“It’s like a prison,” he explained. “I mean, it’s only for a couple months, but I don’t know if I am well-suited for teleworking. I need to be around people.”
With an office renovation forcing him from the office, a colleague recently shared these initial impressions of his teleworking experience.
I’ve been a remote employee for the past 3 years. There have been weeks where I woke up and realized that I had not ventured beyond a half mile from my home for more than 72 hours!
Have I experienced periods of isolation? You bet. I am an “E” on the Myers Briggs personality profile, so I get energy from being around others. Some days feel like walking through the desert with water being nothing more than a mirage. Are those people in the cul de sac?
So how have I overcome the isolation that can accompany teleworking?
I first heard about Twitter through a widely publicized story of an American student who used it to break out of an Egyptian jail. In 140 characters or less, he communicated with followers regarding his arrest and imprisonment…and eventual release.
If you don’t already know, Twitter is a social networking site that allows users to send status updates, or "tweets," from a variety of mobile, web-based in less than 140 characters. It’s like texting back and forth with everyone in your cell phone or instant messaging with hundreds of people at once.
My favorite way to use Twitter on a laptop is through Twhirl, a social software desktop client, based on the Adobe AIR platform.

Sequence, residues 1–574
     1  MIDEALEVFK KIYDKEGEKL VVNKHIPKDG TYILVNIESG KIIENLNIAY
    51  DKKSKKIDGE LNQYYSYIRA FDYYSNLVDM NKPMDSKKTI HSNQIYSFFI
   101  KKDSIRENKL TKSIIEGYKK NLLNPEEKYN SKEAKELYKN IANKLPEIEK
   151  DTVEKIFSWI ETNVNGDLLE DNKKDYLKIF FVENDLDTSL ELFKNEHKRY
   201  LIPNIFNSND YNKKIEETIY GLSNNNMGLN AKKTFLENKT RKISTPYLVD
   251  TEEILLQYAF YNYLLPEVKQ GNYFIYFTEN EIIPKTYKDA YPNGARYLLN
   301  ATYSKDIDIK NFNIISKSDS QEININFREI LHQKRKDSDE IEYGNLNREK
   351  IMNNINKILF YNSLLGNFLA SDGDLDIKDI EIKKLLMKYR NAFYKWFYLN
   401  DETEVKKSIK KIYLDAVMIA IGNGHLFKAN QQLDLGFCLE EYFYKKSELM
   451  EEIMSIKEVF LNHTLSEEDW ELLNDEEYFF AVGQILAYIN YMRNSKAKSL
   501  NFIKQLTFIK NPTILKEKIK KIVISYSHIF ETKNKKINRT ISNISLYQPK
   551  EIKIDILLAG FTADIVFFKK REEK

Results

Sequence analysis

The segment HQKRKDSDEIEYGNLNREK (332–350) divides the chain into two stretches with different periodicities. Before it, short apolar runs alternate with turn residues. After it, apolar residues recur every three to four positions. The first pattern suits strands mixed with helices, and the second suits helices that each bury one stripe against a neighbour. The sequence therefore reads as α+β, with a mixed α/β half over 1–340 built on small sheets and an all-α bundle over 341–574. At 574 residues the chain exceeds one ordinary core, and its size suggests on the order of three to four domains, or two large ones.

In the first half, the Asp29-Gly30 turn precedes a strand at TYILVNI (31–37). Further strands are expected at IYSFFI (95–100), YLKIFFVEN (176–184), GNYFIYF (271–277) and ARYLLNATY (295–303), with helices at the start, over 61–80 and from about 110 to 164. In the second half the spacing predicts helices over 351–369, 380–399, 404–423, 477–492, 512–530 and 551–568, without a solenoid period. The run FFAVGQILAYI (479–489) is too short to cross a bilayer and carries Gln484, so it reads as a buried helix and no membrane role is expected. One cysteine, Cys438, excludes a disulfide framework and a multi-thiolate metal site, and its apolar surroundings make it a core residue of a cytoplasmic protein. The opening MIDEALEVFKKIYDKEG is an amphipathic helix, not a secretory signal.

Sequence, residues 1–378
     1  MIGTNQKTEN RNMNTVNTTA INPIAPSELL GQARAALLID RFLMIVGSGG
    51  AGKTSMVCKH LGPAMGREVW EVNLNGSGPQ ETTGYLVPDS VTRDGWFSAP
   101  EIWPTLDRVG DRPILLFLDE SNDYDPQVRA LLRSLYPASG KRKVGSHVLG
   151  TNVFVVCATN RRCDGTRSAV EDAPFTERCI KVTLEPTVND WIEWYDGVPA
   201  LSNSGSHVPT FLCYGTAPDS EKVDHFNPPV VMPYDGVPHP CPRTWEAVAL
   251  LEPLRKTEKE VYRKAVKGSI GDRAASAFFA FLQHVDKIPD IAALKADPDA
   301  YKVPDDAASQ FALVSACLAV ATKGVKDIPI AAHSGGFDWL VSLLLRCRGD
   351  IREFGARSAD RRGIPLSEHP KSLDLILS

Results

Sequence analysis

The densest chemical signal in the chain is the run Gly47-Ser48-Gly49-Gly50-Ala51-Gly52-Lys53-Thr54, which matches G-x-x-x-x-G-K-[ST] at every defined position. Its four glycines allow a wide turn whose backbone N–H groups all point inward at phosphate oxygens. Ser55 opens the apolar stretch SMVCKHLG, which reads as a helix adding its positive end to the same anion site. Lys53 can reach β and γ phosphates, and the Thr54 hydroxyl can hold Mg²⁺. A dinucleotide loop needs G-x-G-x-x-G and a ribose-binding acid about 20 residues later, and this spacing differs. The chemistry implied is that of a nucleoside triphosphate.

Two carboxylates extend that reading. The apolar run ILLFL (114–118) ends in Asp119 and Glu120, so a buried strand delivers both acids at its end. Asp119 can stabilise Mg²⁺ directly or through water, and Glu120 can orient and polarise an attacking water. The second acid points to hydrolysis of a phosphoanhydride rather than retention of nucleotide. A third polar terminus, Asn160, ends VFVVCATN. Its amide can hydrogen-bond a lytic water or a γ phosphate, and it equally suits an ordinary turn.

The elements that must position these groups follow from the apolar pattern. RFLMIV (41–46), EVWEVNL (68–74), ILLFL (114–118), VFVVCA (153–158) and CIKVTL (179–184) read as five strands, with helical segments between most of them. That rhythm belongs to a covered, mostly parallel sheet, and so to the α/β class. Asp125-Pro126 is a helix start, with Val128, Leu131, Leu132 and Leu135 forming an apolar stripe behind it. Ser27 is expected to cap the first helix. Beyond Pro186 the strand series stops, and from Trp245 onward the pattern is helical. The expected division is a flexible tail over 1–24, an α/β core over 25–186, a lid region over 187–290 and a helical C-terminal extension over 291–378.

Like email alerts that ping us through audio or visual cues, Twhirl allows you and me to participate in the ongoing conversation happening on Twitter - on our own terms. It’s just like being in the office. You know the scenario: A group of folks around the corner from your cube gather at the proverbial water cooler, chatting about the election or the game last weekend. You overhear the banter and decide to launch your volley: “Ignore the national polls. You’ve got to pay attention to the state by state contests.”
“Whatever, dude. It's closer than you think."
But Twitter via Twhirl is even BETTER than being in the office. What if that same group asks you a question, but you’re under a tight deadline? It would seem rude to ignore them, right? And it’s awkward to tell your colleagues that you’d like to blow them off right now because work is more important.
Not so with Twitter. People reply or direct message me, but if I’m busy, I get back to them when I have finished my tasks. PLUS, if I want to drive home my point about the election, I send them a quick link that illustrates my perspective…versus sending them an email later in the day, if I remember.
Moreover, you know those folks who come to your cube and talk incessantly, like it’s 4:00 p.m. on Friday…but it’s 10 a.m. on Tuesday? With Twitter’s truncation to 140 characters, people are forced to be concise. In the words of Ronald McDonald: “I’m lovin’ it!”
So where does this put my colleague who is home alone with nowhere to go?
Step 1: Sign up for Twitter.
Step 2: Download Twhirl.
Let it run in the background while you work. When you feel the need for human interaction, send out a message or respond to someone’s tweet. Share the latest article you read or your favorite RSS feed. Join the conversation for as long or as little as you like.
Soon you’ll start feeling a sense of community right there at your table or your TV tray. You’ll start talking to people about @ariherzog, @cheeky_geeky, or @digitalsista (or maybe even @timoreilly or @guykawasaki!) like they’re your cousins or old classmates.
Yes, you might even start scheduling appointments with people you tweet or exchanging ideas that lead to new business or better insights for your project.
So here’s a shout out to all my Tweeps: Thank you for helping me through another day at the otherwise lonely home office - you break the bonds of boredom and build a community beyond cubes!
By the way, follow me. I'm @krazykriz!